"This community has been so amazing," Heather said. "And so have the Sky Sox. We'll always be part of the Sky Sox family."
As for Rai's job prospects, as he explains it, his full-time job is to be a father, a husband, and to recover from a traumatic brain injury.
"It was kind of a hard pill to swallow, but we have kind of resigned ourselves that Rai is, for lack of a better term, permanently disabled,"
Heather said. "So work is out for him. He just can't handle that stress."
He is, however, working as a guest speaker with the Colorado Springs Fire Department in a program that reaches out to juveniles with at least one serious fire-related offense. It allows Henniger to use his abilities as a speaker while quite literally putting a face on the personal price of fire danger.
"There are no mistakes," he said. "Everything has a purpose."
The youngest of Rai Henniger's three children, Ben, was only 5 at the time of the accident. So this is the only version of his father he really remembers. That's part of the struggle for Heather Henniger.
"The kids and I need to help Rai monitor," said Heather, who, in addition to Ben, who is now 11, has two daughters, Grace, 16, and Emma, 13. "We sometimes have to say, 'OK, you're starting to get agitated, maybe you need to go into a different room and take a nap.'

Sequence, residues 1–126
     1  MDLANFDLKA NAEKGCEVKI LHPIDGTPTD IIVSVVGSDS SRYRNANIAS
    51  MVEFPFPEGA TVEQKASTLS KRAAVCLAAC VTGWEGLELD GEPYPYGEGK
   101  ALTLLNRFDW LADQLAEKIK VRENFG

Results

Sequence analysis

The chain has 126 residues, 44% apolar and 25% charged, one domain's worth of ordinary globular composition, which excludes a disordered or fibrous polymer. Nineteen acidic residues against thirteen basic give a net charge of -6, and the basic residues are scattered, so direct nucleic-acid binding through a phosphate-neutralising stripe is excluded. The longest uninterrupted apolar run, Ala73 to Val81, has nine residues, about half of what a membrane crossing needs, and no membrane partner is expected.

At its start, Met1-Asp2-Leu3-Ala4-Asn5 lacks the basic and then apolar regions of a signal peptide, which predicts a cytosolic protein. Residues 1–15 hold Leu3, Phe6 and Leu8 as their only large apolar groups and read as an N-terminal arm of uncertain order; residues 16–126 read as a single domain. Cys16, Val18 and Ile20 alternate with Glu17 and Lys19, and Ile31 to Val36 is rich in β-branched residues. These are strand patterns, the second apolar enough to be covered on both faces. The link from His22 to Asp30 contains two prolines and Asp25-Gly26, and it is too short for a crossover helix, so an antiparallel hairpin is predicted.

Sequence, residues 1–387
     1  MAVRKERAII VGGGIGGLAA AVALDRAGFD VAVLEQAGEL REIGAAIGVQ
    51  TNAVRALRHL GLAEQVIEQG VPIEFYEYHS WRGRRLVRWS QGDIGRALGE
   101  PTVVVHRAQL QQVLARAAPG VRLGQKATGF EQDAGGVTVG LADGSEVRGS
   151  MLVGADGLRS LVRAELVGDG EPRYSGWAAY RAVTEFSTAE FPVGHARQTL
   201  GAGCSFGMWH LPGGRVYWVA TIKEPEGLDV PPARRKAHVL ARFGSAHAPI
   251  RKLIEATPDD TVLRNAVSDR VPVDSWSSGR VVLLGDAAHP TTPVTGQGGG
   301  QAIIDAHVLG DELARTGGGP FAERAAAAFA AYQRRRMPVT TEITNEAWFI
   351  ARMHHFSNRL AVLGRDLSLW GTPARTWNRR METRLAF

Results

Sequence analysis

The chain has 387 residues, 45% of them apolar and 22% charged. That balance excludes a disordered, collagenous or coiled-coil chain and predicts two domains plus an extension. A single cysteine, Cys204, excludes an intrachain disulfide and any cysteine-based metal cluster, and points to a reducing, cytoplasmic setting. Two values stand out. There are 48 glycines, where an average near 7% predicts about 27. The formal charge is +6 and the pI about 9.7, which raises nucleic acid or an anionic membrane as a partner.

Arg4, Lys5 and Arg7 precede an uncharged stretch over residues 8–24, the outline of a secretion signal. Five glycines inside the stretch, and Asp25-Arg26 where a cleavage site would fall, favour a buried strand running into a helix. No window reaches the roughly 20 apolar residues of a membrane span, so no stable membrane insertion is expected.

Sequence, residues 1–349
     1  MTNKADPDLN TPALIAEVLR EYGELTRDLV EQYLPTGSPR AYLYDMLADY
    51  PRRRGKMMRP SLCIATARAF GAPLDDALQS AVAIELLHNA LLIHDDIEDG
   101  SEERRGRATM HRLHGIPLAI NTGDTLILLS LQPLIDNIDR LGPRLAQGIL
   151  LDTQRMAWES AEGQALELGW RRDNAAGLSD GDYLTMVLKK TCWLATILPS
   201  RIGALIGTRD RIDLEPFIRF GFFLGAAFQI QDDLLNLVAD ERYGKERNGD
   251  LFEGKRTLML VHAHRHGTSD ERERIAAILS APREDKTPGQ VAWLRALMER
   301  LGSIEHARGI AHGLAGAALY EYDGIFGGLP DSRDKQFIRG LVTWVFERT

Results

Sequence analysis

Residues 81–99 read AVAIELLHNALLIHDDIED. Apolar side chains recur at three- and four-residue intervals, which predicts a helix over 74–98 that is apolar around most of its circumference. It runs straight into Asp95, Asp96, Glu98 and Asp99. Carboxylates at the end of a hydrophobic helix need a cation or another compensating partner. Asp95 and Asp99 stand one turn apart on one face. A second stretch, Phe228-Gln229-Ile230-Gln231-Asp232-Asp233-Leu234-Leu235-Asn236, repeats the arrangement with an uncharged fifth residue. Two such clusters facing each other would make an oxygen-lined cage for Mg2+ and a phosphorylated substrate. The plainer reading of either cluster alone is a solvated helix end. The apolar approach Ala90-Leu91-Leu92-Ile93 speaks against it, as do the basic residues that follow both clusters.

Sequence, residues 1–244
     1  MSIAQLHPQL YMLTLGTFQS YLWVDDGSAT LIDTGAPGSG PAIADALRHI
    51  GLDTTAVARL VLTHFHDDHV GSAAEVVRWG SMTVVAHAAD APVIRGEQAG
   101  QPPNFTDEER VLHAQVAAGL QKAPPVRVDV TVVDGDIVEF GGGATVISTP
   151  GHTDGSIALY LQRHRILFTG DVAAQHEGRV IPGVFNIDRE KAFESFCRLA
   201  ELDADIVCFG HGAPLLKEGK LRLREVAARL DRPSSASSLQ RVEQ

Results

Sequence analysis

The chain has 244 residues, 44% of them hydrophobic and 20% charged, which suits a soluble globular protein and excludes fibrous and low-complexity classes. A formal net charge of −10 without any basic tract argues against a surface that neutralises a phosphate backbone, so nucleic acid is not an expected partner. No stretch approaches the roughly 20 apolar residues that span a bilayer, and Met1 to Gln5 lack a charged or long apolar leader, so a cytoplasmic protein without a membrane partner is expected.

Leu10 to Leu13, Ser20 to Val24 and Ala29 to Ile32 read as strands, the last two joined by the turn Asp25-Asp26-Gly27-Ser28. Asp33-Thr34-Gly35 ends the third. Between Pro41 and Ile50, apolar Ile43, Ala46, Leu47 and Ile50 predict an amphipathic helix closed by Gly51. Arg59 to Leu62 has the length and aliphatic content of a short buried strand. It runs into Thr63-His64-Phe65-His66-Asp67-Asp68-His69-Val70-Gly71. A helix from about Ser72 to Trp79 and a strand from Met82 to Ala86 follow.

"For children to have to do that with their father, it's difficult, especially in maintaining that parent-child relationship."
The marriage has also understandably been strained.
"I've wanted to leave multiple times," Heather said. "There was one time when it was really bad. But I just can't see myself without Rai.
Obviously he doesn't want to be the way he is, and he's working really hard. As long as I see him working, then I don't see why I can't work at it too."
And Rai is certainly working to improve. Shortly after the accident he had to learn to walk again. He has re-earned his driver's license, learned to adjust to monocular vision and has gained an encyclopedic knowledge of his injuries and the function of the brain's frontal lobe.
He also doesn't hold any grudges.
The Sky Sox game in which he made his appearance was July 12, which was a Friday. That meant there were fireworks.
Rai helped lead the countdown to the postgame launch.
"I still love them," Rai said of fireworks. "I have absolutely no PTSD from the accident. I have nothing but warm memories from every second I spent in this stadium."